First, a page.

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Oftentimes, our first initial experience with an artist/event/idea is the sweetest, never to be fully replicated again. Ideally, the first encounter should mirror subsequent ones in some form or fashion; yet, this line of thinking sometimes doesn’t quite play out. Just because an experience was so great the first time around doesn’t necessarily mean that the second time will be so pleasant.
Miike Snow’s new album, Happy To You, as a prime example of this. I was hooked after listening to his wonderful self titled debut album in 2010, which featured a slew of catchy, fun, and energetic songs. However, Happy To You proves that first time around is often sweeter, as the new collection of songs often falls flat, feeling strangely subdued and border line annoying.
On Happy To You, many of the elements that made their debut album so great are eliminated, which shifts the music from fun and energetic to monotonous and annoying. Take for example “Vase”, which starts off featuring a catchy stomp/clap beat backed only by lead singer Andrew Wyatt’s vocals. Unfortunately, three minutes into the song, the same monotonous beat continues to play and one quickly grows bored, realizing the group has nothing else to offer on this track. This same sense of boredom is prevalent throughout most of the tracks on Happy To You. “Black Tin Box” most notably exudes this, very quickly turning becoming annoying, as the same slow lumbering beat drags along coupled with some rather odd, and strangely unpleasant, vocal melodies from Wyatt and guess contributor Lykke Li.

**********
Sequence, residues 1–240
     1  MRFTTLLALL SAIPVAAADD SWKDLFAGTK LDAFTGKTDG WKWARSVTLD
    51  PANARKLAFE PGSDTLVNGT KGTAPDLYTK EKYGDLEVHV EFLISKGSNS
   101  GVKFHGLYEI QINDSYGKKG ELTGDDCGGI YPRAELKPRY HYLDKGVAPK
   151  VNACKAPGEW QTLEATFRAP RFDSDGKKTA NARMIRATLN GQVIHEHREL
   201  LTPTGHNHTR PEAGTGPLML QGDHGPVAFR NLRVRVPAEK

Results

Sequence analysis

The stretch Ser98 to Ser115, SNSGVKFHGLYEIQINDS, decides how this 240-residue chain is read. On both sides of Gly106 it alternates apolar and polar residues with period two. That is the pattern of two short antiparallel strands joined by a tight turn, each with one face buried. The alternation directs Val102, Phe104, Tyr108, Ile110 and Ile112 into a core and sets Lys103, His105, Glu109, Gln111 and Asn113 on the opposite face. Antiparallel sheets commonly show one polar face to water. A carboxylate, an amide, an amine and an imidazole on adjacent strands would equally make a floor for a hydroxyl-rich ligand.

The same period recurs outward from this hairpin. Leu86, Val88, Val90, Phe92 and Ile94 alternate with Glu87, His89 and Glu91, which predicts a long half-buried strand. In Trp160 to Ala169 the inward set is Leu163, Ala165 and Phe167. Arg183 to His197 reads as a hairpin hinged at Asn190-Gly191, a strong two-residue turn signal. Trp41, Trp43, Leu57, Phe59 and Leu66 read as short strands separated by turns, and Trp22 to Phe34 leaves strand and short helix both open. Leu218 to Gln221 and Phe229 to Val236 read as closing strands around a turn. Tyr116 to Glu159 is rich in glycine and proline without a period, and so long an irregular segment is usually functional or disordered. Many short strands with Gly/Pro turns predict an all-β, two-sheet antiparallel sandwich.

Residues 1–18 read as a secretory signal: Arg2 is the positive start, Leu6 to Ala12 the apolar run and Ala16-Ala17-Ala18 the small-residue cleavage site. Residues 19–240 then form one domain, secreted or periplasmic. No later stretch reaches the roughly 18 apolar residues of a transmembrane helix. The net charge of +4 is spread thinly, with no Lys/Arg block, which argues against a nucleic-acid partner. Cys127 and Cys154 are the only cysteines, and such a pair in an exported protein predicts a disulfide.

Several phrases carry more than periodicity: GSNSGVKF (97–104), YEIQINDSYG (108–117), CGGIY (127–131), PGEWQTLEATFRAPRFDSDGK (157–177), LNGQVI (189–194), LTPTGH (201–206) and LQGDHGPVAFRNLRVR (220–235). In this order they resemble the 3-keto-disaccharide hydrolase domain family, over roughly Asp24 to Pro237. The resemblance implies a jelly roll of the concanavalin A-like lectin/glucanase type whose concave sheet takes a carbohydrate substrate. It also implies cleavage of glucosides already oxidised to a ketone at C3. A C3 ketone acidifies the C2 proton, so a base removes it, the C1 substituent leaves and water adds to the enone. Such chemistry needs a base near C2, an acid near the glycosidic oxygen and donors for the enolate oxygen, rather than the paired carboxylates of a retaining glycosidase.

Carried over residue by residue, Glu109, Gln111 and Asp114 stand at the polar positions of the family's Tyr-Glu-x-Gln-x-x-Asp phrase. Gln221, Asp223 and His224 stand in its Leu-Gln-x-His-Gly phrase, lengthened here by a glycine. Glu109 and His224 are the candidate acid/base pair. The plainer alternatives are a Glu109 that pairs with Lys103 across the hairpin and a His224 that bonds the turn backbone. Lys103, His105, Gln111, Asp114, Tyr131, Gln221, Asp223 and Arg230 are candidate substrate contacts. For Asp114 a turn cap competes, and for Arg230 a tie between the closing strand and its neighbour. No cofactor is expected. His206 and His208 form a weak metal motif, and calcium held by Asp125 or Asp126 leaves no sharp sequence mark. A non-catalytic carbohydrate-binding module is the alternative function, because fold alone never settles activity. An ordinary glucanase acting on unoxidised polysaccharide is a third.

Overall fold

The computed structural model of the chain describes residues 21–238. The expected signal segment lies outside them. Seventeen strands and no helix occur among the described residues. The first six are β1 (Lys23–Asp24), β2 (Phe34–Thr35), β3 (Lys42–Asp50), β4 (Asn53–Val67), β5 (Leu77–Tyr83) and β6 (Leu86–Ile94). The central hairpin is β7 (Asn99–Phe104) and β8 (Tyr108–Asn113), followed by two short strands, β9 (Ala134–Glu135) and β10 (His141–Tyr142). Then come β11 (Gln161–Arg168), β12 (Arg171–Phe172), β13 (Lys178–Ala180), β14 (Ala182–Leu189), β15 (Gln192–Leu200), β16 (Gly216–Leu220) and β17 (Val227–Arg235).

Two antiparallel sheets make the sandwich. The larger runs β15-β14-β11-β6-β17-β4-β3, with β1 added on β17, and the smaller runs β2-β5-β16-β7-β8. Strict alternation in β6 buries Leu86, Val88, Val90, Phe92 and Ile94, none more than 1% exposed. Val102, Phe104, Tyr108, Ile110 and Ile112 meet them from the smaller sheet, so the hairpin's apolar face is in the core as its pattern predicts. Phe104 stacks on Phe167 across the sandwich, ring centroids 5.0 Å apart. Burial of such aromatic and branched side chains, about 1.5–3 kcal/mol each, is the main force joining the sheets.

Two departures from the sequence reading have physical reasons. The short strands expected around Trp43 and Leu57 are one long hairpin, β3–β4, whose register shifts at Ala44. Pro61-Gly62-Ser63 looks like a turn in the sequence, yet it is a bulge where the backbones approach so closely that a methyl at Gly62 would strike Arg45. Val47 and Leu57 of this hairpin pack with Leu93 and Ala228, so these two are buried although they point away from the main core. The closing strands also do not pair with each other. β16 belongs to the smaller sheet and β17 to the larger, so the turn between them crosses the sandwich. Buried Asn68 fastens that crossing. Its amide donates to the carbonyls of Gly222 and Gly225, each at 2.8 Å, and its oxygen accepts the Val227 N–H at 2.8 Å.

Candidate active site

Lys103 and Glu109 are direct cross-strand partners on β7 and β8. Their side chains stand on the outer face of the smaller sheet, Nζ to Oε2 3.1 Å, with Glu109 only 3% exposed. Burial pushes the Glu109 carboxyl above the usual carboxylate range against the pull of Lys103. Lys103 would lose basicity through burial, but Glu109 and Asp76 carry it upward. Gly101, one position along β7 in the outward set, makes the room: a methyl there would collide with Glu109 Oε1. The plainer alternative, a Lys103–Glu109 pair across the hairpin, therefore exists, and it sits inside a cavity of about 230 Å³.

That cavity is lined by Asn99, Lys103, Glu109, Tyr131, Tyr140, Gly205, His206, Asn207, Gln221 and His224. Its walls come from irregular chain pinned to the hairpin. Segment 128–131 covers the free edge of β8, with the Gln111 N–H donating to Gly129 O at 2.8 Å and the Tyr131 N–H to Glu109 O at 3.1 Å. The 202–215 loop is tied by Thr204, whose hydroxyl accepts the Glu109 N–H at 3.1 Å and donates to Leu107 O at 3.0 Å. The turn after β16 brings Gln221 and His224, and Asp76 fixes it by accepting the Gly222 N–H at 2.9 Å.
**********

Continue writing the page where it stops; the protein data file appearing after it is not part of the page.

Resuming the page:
With this new direction, Happy to You becomes a strangely subdued record overall. Its a much more muted affair than the first time around and unfortunately thats not a good thing. Perhaps viewing this record under the lens of their previous effort is an unfair approach. However, it’s hard to not feel as if the group has taken a step back as nothing even comes close to, or builds upon, the tone and feel of standouts from their previous effort such as “Animal” or “Song for No One”. This rather jarring change of direction, makes it hard to even listen to this record without thinking back longingly to those previous tracks. It feels as if Miike Snow, along with many other artists, have been heavily influenced by the minimalist electro music feel pioneered by James Blake on his self titled debut. However, unlike Blake, who was able to create a richer atmosphere through the absence of sounds, Happy To You’s subdued approach feels as if its all together missing critical sonic elements. Several instances occur throughout the album where the presence of the drums, melody, or even vocals fall short due to the smothered and washed out glaze that has been painted over many of the songs.
Despite all the negatives above, it would be unfair to say that everything offered up on Happy To You is a miss. In fact two songs in particular, “Devil’s Work” and “Pretender “, are strong efforts that are reminiscent of the groups older material. On “Devil’s Work” the gang features a killer piano melody layered with heavy delay that really carries the whole song through. Unlike most of the other songs on the album, there’s a certain energy to the track, which is captured well by the heavy drum beat and horns placed throughout. “Pretender” is another standout, mostly due to the commanding position Miike Snow’s vocals play here. Due to this, its one of the few track’s in which Snow’s voice doesn’t serve as just another instrument but instead a vehicle which delivers meaning to the song. Ultimately, this is when the group is at their best, creating a unique blend between electronic music and the more traditional singer/songwriter framework.
All in all, Happy To You is a disappointment and feels like a step in the wrong direction. Perhaps my negative reaction is too strong at the moment, and the record will grow on me with time. However, when compared to their self titled debut the new record falls flat in so many areas. Sorry Miike Snow, but it looks like you just served up some Sour Milk.